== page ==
- Altria and Lorillard are seemingly equally valued, with P/E ratios at 16 and expected growth in the 7-9% neighborhood.
- Despite these superficial similarities, Altria has a much more diversified revenue mix than Lorillard.
- Additionally, everyone seems to discount Altria's 26.9% stake in SABMiller which greatly understates Altria's advantage over Lorillard.
Right now is a great time to perform a comparison between Altria (NYSE:MO) and Lorillard (NYSE:LO) because it provides us a real-life opportunity to take a look at one of the most neglected prefatory words in finance: the "risk-adjusted" in the phrase "risk-adjusted total returns."
As of Tuesday's close, both Altria and Lorillard traded at seemingly identical valuations: Altria is trading at just a smidge over 16x profits, and Lorillard is trading at just a smidge over 16x profits. Both companies have a range of analysts predicting earnings per share growth in the neighborhood of 7-9% annually over the next five years. At this superficial level, it would appear that both tobacco companies carry the same amount of risk: When the valuations and expected growth rates are the same, how can you really argue that one company is safer than the other?
This is where, in the words of Charlie Munger, you have to put on your thinking cap because the analysts won't do it for you.
With Lorillard, you are looking at a company that does not have anything resembling a diversified earnings stream yet. Over 87% of the company's sales come from a single brand, Newport cigarettes. Calling the company Lorillard is a misnomer; if it was named appropriately to reflect where its profits come from, the company would be called, "Newport Cigarettes, Inc." Considering the fact that Newport is a menthol cigarette, and menthol cigarettes might be on the regulatory chopping block, there is a risk in Lorillard's business model that simply isn't present in Altria's.
With Altria, you don't have the exorbitant menthol exposure, and you have a stable of diversified brands that account for 75-80% of profits: Virginia Slims, Merit, Benson & Hedges, and of course, Marlboro. Menthol regulation, or changing brand tastes, would not affect Altria nearly as much as Lorillard.
And the other thing you have to take into account is that Altria has a "secret asset" on a balance sheet that Lorillard does not: a 26.9% stake in SABMiller. Because of a quirk in accounting, Altria is only allowed to report SABMiller on its balance sheet according to the brewer's book value, rather than its fair market price.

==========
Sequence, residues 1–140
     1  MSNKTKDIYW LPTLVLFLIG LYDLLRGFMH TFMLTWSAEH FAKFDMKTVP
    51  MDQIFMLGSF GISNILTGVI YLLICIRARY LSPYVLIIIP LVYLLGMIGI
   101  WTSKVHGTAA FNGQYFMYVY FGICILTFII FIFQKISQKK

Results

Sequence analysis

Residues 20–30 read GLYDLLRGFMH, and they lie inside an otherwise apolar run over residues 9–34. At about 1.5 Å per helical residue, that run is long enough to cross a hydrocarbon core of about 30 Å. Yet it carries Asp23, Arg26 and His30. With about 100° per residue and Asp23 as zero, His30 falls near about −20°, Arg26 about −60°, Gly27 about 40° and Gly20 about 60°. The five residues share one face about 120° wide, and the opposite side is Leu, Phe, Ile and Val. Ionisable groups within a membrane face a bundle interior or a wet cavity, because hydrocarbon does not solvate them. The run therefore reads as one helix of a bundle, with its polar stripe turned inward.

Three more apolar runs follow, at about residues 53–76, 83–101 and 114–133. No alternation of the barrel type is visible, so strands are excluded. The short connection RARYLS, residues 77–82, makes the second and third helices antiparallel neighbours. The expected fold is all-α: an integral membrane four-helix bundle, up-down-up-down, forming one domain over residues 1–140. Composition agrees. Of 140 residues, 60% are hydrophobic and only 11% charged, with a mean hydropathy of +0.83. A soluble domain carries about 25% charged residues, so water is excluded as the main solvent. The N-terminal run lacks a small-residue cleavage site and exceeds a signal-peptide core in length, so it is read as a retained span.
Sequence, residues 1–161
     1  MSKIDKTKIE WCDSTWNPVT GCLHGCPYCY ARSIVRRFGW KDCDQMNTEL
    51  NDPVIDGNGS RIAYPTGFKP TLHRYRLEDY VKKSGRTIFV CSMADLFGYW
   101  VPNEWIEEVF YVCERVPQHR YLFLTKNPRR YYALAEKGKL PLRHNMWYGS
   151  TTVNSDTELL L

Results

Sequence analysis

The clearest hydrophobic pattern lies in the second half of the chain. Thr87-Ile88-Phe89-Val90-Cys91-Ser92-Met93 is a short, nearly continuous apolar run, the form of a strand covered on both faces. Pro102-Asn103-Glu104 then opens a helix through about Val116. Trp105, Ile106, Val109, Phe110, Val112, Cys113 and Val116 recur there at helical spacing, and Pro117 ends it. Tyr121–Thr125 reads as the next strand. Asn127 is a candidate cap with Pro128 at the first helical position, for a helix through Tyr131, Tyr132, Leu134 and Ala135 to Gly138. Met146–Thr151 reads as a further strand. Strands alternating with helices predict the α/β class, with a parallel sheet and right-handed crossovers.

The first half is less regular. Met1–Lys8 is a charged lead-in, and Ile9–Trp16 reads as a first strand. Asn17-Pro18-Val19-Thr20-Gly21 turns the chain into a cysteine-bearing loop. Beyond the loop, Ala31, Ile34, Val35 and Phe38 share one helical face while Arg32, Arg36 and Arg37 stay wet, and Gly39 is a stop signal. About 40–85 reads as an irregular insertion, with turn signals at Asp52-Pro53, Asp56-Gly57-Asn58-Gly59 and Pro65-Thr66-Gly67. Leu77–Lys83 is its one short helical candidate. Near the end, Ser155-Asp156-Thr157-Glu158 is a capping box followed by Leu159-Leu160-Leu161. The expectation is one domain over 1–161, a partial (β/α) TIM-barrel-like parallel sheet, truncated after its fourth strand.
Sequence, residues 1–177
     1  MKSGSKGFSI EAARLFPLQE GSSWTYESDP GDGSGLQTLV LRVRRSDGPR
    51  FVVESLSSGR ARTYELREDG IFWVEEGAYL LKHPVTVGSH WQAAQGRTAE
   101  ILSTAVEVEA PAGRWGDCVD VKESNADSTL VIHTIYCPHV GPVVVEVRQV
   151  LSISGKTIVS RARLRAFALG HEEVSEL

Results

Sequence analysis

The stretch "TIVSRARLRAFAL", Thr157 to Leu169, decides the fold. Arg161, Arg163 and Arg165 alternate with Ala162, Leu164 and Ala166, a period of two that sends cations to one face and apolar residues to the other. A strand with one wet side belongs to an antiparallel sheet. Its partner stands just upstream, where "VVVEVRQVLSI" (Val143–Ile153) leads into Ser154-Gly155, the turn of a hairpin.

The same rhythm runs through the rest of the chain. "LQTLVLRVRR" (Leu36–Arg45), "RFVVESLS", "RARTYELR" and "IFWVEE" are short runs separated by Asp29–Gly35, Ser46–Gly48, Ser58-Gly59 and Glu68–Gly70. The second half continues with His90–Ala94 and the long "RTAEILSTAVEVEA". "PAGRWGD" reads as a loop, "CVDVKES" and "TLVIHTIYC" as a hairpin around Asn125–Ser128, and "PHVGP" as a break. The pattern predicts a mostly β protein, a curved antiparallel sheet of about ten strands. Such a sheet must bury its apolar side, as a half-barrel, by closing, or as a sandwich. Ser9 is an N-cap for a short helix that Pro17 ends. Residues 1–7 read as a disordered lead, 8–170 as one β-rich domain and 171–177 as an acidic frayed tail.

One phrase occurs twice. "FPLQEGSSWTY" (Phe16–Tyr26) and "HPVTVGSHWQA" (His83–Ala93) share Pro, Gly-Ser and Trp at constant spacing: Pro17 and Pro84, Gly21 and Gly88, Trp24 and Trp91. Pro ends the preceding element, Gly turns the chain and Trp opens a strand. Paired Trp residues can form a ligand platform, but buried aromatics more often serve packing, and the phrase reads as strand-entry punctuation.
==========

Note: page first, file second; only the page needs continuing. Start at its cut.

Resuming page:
Let's put it bluntly. If you look at Altria's balance sheet, you will see that it is carrying SABMiller at $6.637 billion.
But that greatly understates the true economic value of the SABMiller stake. As of Tuesday's close, SABMiller has a $79.74 billion market capitalization. Considering that Altria owns 26.9% of SABMiller, the shares are really worth $21.45 billion. Lorillard is a $19 billion company with no hidden assets while Altria is a $73 billion company with a $21 billion stock investment that only gets reported on the balance sheet as $6.637 billion. When two companies are trading at the exact same valuation (16x earnings), you scoop up the shares of the one with the $21 billion stock investment that is only getting reported on the books for a third of that.
By the way, this isn't to say that Lorillard possesses no advantages over Altria. Lorillard has taken the early lead in the electronic cigarette market over Altria, as Lorillard's e-cigs have captured almost 50% of the American market (the problem, though, is that Newport is still accounting for 80-90% of the company's current profits). The other advantage that Lorillard has is a lower payout ratio, which has enabled Lorillard to buy back more stock than Altria does (Altria's payout ratio tends to hover in the 75-80% range, while Lorillard's tends to hover in the 65-70% range).
The point of me writing this article wasn't to "rag on" Lorillard. It is positioning itself very well for growth that could approach 10% annually. Rather, the objective is to point out that two tobacco companies can have the exact same P/E ratio and similarly projected forward growth rates, and still contain different risk profiles. Lorillard derives almost all of its profits from a single brand that is menthol, which receives extra scrutiny from the feds. Meanwhile, Altria has a much more diversified stream of profits. Additionally, Altria has a hidden asset in the form of SABMiller stock, which is only carried on the balance sheet at $6 billion despite having a market value in excess of $20 billion. Lorillard doesn't have a commensurate source of understated value. For those reasons, even though the profiles of Altria and Lorillard look quite similar, the "risk-adjusted" profile of Altria is much better than what you'd get with Lorillard.